By Siddhi Jain
New Delhi– Two-thirds of urban Indians believe same sex couples should have the same rights to adopt children as heterosexual couples, while 62 per cent urban Indians believe same sex couples are as likely as other parents to successfully raise children, revealed a new global survey. The view finds resonance among the global citizens polled.
The apex Indian court, in 2018, passed the landmark decision of scrapping Article 377, which decriminalized homosexuality. The Ipsos LGBTQ + Pride Survey of 19,069 global citizens says that at least 4 in 10 (44 per cent) urban Indians believe same sex couples should be allowed to marry legally and 14 per cent feel same sex couples should be allowed some legal status but not marry. While 25 declined to comment, only 18 per cent opposed it.
The survey shows significant support for the rights of homosexuals among urban Indians. Interestingly, 56 per cent urban Indians say their views are different about homosexuality, of what they were 5 years ago.
At least 21 per cent urban Indians claim they have attended a public event in support of LGBT people (a Pride March); 18 per cent have attended the wedding of a same sex couple; at least 19 per cent have visited a bar or a night club that caters primarily to LGBT people; and 30 per cent claim to have spoken out against someone who was being prejudiced against LGBT people.
Almost 2 in 3 urban Indians (59 per cent) have no qualms about LGBTQ people being open about sexual orientation or gender identity with everyone; 1 in 2 urban Indians (50 per cent) also have no problems with openly lesbian, gay and bisexual athletes in sports teams.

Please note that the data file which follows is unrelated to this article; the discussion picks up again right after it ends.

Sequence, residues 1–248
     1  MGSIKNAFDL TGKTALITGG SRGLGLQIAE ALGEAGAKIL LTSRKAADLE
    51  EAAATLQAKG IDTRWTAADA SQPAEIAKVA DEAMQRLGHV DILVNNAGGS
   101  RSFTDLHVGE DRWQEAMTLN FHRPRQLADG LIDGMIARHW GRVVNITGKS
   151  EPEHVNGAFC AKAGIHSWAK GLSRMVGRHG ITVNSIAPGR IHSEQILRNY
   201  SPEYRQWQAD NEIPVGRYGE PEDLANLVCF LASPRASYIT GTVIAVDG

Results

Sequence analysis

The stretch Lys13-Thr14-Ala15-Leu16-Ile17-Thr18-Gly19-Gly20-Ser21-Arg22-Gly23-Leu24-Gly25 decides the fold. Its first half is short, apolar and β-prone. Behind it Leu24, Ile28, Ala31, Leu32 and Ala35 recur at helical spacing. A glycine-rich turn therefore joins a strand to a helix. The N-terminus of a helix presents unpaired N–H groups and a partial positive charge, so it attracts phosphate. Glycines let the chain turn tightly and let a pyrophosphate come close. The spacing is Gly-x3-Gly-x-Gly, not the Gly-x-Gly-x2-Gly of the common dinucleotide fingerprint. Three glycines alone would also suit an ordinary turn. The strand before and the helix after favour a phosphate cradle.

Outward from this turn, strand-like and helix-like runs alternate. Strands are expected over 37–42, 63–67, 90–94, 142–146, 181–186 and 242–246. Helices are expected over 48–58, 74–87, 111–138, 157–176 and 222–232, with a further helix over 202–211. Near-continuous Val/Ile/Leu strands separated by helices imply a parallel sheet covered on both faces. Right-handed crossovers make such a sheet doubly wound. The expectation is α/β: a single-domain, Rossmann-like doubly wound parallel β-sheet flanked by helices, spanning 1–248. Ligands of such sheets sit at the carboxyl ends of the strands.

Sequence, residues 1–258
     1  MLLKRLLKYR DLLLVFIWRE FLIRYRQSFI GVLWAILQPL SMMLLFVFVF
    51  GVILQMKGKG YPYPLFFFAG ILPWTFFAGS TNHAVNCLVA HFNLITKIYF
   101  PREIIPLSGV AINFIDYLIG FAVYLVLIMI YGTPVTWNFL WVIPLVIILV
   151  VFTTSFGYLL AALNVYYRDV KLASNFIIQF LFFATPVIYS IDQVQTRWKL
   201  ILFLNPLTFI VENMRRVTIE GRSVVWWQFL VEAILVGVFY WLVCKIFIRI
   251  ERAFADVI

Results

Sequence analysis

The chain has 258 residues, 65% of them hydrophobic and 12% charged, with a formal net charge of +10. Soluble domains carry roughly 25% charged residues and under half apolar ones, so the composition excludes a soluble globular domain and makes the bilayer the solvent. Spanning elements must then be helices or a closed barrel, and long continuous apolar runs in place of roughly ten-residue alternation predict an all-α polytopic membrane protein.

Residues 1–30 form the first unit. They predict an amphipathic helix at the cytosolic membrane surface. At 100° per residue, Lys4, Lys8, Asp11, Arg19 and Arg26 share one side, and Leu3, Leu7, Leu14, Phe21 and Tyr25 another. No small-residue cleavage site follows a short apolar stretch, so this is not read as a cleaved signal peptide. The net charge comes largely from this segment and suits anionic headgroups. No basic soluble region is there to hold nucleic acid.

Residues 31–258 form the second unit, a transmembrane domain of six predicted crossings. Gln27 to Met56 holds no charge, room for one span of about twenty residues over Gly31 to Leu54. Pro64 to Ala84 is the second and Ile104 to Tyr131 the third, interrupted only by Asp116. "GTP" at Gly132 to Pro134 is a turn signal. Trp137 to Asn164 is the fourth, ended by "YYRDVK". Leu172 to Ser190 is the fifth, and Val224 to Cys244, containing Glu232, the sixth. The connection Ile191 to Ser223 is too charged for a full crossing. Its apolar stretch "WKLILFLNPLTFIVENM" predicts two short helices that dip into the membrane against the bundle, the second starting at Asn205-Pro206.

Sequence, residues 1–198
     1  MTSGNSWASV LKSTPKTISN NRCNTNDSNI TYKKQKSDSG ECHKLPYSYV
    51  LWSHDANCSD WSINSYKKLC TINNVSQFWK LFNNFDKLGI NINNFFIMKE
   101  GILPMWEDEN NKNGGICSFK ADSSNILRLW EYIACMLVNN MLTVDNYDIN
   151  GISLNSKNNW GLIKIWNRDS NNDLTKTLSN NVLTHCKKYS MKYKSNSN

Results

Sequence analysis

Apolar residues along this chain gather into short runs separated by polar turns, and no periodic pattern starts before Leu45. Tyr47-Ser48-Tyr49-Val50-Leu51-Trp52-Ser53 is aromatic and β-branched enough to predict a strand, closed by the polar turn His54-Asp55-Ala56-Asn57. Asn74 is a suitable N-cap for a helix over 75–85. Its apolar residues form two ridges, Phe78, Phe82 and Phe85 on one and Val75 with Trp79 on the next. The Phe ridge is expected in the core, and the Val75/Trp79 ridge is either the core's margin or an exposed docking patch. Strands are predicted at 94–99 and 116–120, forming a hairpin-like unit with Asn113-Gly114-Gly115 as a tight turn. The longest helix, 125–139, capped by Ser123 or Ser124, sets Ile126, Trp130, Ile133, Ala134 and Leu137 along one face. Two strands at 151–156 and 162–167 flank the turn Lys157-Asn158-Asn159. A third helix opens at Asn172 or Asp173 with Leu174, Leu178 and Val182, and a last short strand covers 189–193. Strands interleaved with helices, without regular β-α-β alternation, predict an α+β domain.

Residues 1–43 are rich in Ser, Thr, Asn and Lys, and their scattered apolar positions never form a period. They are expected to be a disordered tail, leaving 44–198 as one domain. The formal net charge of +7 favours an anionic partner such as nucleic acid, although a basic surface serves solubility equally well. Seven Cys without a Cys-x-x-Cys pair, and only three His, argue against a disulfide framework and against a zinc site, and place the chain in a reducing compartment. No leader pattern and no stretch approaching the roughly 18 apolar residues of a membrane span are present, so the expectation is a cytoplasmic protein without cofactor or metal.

55 per cent urban Indians (highest globally) approve of more LGBTQ characters on TV, in films and advertising; but only 39 per cent urban Indians approve of LGBTQ people displaying affection in public (PDA), kissing/ holding hands. Only 37 per cent global citizens approve and only 5 per cent Russians approve.
“Parents and the schooling system need to be a lot more sensitive towards different identities. While the repealing of Section 377 has only decriminalised homosexuality, but where are our marriage rights and adoption rights? The social pressure is such that homosexual people are still being made to marry and live with people who are not homosexual,” R. Balaji, TEDx speaker and a queer storyteller, tells IANSlife.
“We see a growing acceptance and support for LGBTQ+ community among urban Indians, and most of the changes have come about after the doing away of article 377 by the apex court; the stigma has started to wane with more people coming out in the open about their sexual orientation and support and acceptance increasing,” Amit Adarkar, CEO, Ipsos India tells IANSlife.
“Mindset change for urban Indians is coming about, in accepting the LGBTQ+ community, but PDA is a cultural thing and there is discomfort with openly displaying affection even for straight individuals, not just for LGBTQ,” adds Adarkar. (IANS)